Detecting pedestrians, initiating an alert and acting upon their sometimes unpredictable behavior can certainly be counted among the most challenging tasks of ADAS operating in urban environment. In this context, the full potential of ADAS systems can be realized by including pedestrian tracking, orientation and intention prediction.
In ADAS, vision-based alerts have occupied a central role in assessing critical situations. Specifically for pedestrian detection, visual information is critical to distinguish humans from other moving objects on the road. The actual detection of pedestrians do not necessarily requires a full extraction of human features, but rather the recognition that an object is human. However, for intention prediction, contextual information with pedestrian models should be incorporated.
Owing to complex environment and the variety of situations to be analyzed, deterministic computer algorithms are prone to many false positive detection. Since the response of ADAS to a false positive detection might lead to grave consequences, reduction of erroneous detection to its minimum is posed as a strict demand of performance. A much better solution is offered by algorithms based on machine learning, which have been shown to be far more robust.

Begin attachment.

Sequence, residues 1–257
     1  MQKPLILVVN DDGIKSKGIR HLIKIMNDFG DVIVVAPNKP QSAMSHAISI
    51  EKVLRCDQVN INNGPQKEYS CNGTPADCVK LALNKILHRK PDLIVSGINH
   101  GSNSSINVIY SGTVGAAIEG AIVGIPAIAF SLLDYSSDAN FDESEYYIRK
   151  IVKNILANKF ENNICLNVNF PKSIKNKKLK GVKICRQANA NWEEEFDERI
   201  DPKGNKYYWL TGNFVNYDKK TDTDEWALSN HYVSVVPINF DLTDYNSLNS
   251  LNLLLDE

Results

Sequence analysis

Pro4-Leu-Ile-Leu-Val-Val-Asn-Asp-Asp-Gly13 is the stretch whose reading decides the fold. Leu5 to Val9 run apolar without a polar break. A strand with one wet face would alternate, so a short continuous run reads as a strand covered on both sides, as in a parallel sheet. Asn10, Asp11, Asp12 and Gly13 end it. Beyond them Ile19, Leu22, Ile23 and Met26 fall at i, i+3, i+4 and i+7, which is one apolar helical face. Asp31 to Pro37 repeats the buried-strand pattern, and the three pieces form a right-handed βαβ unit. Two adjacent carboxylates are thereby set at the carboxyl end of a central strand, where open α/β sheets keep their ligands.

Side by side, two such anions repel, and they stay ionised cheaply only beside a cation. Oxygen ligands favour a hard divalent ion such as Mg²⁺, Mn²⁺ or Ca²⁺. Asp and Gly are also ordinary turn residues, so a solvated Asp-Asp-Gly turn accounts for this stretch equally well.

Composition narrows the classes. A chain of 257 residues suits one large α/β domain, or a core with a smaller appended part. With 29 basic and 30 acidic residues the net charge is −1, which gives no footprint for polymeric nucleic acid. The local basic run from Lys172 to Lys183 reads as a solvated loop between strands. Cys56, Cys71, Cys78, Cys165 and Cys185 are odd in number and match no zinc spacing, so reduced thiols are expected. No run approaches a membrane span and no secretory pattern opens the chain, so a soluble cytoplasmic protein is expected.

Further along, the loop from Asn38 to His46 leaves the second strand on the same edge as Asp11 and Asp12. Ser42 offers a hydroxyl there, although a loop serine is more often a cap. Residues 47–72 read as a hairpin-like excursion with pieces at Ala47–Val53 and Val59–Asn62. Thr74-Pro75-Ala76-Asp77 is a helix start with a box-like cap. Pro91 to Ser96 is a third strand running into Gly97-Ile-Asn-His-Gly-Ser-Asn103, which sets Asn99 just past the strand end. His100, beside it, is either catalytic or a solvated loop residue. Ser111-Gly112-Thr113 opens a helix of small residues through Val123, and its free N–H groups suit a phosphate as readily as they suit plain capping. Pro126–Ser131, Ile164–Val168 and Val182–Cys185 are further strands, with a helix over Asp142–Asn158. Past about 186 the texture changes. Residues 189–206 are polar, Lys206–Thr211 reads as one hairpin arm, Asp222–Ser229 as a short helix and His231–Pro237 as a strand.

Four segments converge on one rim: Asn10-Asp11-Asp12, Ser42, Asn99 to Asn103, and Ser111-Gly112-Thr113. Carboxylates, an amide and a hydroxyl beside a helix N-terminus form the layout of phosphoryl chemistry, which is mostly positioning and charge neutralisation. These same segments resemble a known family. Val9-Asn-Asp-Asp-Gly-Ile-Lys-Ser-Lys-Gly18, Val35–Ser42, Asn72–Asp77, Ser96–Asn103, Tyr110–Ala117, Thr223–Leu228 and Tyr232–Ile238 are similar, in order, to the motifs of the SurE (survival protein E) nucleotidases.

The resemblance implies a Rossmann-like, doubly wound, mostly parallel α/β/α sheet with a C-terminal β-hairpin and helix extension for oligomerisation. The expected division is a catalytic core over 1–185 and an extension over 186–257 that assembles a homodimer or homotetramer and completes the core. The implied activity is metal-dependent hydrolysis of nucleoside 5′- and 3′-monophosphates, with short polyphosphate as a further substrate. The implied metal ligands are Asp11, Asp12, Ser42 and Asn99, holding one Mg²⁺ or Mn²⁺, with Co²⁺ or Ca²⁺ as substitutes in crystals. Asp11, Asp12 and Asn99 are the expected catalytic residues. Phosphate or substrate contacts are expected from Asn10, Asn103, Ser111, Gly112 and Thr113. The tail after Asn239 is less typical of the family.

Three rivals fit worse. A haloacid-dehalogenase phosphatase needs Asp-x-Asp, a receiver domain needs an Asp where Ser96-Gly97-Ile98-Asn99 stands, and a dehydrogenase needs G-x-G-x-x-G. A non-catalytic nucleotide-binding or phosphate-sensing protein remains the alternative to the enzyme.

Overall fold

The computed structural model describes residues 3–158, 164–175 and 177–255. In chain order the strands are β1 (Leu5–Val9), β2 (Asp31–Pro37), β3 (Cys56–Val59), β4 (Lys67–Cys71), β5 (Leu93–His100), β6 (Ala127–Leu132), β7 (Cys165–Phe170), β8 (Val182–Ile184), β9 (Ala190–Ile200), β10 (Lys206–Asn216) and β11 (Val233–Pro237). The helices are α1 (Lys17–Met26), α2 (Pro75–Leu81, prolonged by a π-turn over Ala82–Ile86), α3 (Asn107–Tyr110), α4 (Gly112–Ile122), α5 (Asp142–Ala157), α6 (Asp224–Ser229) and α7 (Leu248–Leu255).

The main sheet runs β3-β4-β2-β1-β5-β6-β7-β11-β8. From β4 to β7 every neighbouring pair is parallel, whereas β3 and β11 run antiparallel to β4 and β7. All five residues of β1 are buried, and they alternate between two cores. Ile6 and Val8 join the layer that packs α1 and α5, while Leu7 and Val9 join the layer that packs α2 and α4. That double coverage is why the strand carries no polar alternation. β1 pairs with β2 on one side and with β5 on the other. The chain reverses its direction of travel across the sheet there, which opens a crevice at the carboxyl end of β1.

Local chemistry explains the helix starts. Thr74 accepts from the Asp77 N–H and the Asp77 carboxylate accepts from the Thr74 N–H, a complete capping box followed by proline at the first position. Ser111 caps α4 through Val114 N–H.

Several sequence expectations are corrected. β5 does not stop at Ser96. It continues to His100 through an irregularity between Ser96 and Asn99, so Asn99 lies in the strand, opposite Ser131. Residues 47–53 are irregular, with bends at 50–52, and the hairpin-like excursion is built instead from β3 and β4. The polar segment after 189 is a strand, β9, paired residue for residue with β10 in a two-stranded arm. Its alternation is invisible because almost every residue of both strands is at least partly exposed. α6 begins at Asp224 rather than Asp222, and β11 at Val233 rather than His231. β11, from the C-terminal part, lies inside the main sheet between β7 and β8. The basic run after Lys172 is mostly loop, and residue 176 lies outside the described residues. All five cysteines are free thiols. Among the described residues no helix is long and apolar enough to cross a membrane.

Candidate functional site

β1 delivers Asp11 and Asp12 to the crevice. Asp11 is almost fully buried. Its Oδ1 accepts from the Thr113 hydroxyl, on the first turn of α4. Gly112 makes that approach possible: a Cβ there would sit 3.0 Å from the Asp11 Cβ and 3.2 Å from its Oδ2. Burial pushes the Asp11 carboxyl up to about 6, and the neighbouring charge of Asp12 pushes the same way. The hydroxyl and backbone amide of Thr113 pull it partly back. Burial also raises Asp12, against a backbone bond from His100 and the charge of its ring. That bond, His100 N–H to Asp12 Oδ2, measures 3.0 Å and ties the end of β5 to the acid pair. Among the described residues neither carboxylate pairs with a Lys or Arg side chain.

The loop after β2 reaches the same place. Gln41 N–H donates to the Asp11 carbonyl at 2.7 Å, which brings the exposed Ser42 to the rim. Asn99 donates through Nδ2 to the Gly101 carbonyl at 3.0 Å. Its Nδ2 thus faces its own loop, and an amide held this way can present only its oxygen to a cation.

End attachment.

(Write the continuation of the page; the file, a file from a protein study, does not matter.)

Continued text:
To utilize such robust machine learning, coupled with computer vision methodologies, we suggest to employ a cascade of classifiers. Each classifier is trained to model a different body part of pedestrians, given a candidate target. The targets are detected using state-of-the-art algorithms based on histogram of gradient and Haar-like features. These methodologies have been shown previously to be able to operate in real-time, as fit for the fast response time required by ADAS.
The recognition of a candidate object as a pedestrian is done by majority vote of several classifiers. Imposing strict threshold value on the outcome enables to restrict the levels of false positive detections. The adjustment of recognition values is important when contextual information can be integrated into the system. For example, driving in urban vs rural roads does not require the same level of alert. Localization of the car in either of these environment can thus be used to dynamically adjust the alert levels in ADAS.
The implementation of a cascade of learning and classifying techniques for pedestrian detection in complex environment requires care. Safety regulation would not permit the integration of a system with high level of inaccuracy, especially when pedestrians’ lives are at stake. For these reasons, real expertise in planning construction and implementation of machine learning and computer vision techniques is essentials. RSIP Vision is a leading expert in computer vision an machine learning algorithms. Read more about how RSIP Vision builds its state-of-the-art machine learning and computer vision algorithms.